Clegg also complains that Paxman sneers at politics. I disagree. If he sneers at all, I rather think it’s at the conduct of politicians. and politicians are not politics. Looking at the conduct of politicians and the conduct of politics with a sceptical eye is not sneering: it is the role of a journalist in a free society. And the conduct and attitude of many politicians in recent time have been worthy of a very healthy degree of scepticism. But then, when the Guardian did that with GCHQ and the NSA, you weren’t that happy either, so it seems the journalists are on a hiding to nothing, really. Then he moans about Paxman admitting that he himself didn’t vote in 2010. Well, I like watching the odd F1 car race, but it doesn’t mean I have an interest in being a race engineer for one of the teams. Just because you choose to comment on something does not make it a requirement to participate in it.
The problem is something that Brand did touch on. And on that BBC web page, Menzies Campbell pretty much admits as much. And it’s this: politics IS important. But PARTY politics is becoming increasingly incestuous, distant and irrelevant. Perhaps, as Zoe Williams writes in the Guardian, this is why the Lobbying Bill is worrying so many in the Westminster bubble?
One of the consequences of the free(r) movement of information is something that our neo-liberal chums in the coalition should be happy about: markets work better with perfect information. And the political system is a marketplace like any other: a market for ideas.
And herein is the problem: fewer of us want to buy the ideas on offer. As Menzies Campbell said, they are all broadly similar. The statistics that Zoe Williams quotes in her Guardian piece are quite interesting to pause at for a second or two. The numbers of people affiliated to non-party politically aligned organisations is growing, and beginning to make party membership look less significant by the week. Four million people are in the National Trust. Now they may not be a political party, but they may campaign on issues that might be of relevance to their members. Ironically, this is the exact liberalisation model that the coalition is proposing for schools, universities and hospitals. But it seems they’re less keen on using it in their own back yard.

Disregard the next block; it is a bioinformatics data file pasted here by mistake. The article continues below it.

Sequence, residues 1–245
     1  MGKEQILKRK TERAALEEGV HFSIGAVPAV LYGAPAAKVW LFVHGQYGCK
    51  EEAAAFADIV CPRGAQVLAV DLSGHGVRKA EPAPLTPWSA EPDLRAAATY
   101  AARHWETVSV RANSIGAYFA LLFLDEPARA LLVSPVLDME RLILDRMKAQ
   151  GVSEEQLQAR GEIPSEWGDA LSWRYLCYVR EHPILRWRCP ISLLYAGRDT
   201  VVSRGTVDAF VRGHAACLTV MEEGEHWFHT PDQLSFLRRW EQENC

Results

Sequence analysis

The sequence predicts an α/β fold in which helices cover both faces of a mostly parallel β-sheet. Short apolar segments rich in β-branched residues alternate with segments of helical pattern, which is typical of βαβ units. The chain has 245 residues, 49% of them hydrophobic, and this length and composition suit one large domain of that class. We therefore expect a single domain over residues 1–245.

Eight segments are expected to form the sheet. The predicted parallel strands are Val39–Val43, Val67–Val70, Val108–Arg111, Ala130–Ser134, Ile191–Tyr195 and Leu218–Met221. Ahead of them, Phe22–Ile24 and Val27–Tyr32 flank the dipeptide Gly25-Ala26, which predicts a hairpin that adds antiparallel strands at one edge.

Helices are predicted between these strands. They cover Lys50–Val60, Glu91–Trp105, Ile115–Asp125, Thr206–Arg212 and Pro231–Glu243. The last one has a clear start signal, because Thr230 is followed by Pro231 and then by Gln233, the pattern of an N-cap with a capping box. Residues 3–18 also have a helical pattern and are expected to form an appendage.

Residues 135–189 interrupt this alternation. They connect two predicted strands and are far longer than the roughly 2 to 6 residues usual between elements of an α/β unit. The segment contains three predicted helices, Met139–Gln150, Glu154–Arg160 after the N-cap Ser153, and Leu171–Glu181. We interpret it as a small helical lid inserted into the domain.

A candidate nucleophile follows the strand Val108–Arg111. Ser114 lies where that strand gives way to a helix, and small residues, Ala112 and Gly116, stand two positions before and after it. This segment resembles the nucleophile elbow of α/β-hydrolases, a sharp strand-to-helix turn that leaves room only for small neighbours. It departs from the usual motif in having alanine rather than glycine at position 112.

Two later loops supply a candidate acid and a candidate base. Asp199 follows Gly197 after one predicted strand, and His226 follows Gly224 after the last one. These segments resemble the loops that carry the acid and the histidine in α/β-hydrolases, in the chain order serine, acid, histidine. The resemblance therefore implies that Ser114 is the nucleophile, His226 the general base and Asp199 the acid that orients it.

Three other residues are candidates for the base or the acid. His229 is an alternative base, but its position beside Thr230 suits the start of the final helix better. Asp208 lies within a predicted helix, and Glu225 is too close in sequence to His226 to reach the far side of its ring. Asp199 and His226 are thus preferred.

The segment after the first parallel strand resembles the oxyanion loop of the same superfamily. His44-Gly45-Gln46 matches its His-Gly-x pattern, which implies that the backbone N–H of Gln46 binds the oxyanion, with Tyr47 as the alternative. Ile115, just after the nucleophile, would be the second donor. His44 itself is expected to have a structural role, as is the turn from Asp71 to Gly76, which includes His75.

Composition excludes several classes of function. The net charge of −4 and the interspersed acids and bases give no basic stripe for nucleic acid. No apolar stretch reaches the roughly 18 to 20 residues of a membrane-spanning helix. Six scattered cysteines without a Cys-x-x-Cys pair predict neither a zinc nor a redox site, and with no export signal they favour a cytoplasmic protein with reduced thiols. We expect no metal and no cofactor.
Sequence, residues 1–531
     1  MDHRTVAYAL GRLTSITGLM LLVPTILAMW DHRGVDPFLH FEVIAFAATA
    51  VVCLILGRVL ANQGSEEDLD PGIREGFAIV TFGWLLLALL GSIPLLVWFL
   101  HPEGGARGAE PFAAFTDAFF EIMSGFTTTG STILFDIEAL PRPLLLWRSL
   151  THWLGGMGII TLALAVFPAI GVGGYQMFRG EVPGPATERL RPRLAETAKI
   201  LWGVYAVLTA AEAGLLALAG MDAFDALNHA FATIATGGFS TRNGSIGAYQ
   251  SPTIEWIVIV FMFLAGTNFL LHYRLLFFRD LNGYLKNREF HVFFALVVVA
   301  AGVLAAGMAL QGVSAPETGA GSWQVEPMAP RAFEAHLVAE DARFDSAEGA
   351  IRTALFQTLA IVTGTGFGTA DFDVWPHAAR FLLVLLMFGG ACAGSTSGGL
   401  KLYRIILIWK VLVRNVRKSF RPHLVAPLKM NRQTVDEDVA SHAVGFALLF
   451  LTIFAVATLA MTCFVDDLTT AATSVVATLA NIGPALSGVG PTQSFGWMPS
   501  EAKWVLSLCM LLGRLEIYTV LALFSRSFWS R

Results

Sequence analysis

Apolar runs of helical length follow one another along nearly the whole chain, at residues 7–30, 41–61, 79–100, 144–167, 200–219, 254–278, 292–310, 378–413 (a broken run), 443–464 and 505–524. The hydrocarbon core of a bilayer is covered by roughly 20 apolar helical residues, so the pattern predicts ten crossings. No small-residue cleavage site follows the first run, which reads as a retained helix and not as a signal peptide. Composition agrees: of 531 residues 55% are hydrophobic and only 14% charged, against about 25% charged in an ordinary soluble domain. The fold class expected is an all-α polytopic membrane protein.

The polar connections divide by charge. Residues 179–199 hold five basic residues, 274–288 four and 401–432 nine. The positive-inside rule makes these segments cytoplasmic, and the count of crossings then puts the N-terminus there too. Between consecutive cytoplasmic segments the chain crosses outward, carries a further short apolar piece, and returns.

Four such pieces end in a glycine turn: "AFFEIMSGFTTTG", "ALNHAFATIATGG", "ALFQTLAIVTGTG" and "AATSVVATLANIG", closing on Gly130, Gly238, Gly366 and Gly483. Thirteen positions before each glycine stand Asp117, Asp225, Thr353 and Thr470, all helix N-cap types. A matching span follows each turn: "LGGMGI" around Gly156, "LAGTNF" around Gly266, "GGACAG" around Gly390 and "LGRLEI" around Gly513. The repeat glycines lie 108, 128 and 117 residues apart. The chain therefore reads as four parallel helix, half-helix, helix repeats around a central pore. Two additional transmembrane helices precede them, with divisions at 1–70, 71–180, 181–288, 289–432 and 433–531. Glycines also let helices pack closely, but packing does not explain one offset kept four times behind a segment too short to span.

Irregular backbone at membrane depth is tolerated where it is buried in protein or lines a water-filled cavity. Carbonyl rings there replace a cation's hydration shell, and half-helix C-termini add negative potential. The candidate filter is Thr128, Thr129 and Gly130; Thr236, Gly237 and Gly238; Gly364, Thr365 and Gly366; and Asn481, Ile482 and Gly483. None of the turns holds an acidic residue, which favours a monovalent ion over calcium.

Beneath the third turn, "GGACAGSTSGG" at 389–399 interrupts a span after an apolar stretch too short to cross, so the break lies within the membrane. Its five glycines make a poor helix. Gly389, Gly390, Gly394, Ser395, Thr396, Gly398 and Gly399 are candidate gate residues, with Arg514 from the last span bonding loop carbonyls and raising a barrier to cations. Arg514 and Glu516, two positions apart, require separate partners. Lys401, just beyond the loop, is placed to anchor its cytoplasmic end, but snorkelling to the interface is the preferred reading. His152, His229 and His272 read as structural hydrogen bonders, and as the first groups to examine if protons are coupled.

This is why Clegg doesn’t like Paxman or Brand talking the way they do. To acknowledge any other kind of political process, or consider these kinds of non-party aligned groups would be to risk having people turn away from the current one. And that process is one those in Westminster control; it is one they understand. Like any other marketing department in one of the big supermarkets, they really don’t want you to switch. so PMQs and the media tone has become a bit like watching ASDA, Sainsbury and Tesco fight out with Price Checks. “Choose us! Not the other one! We’re cheaper! We’re better value!” they cry. But they don’t want you to even consider whether you should even be shopping at one of their supermarkets at all.
The Lobbying Bill hasn’t gone away. It’s just been punted to the long grass for a while in the hope we’ll forget it’s there. It’s just another symptom of the increasing distance between Westminster and the rest of nation. The risk is that, paradoxically, tightening the rules in his way will only serve to strangle the flow of debate (the lifeblood of a democratic society) in the body politic. And it’s well known if you stifle the flow of blood for long enough, eventually you run the risk of gangrene setting in: it will only make the death throes worse.